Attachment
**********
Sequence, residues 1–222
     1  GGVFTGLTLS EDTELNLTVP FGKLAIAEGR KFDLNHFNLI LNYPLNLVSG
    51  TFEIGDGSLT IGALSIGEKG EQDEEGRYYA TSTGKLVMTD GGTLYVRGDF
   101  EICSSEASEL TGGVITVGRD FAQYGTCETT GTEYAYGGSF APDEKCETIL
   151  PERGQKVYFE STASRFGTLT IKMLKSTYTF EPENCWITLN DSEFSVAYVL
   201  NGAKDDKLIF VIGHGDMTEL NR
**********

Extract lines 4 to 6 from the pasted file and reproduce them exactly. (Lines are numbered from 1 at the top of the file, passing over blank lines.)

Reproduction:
   101  EICSSEASEL TGGVITVGRD FAQYGTCETT GTEYAYGGSF APDEKCETIL
   151  PERGQKVYFE STASRFGTLT IKMLKSTYTF EPENCWITLN DSEFSVAYVL
   201  NGAKDDKLIF VIGHGDMTEL NR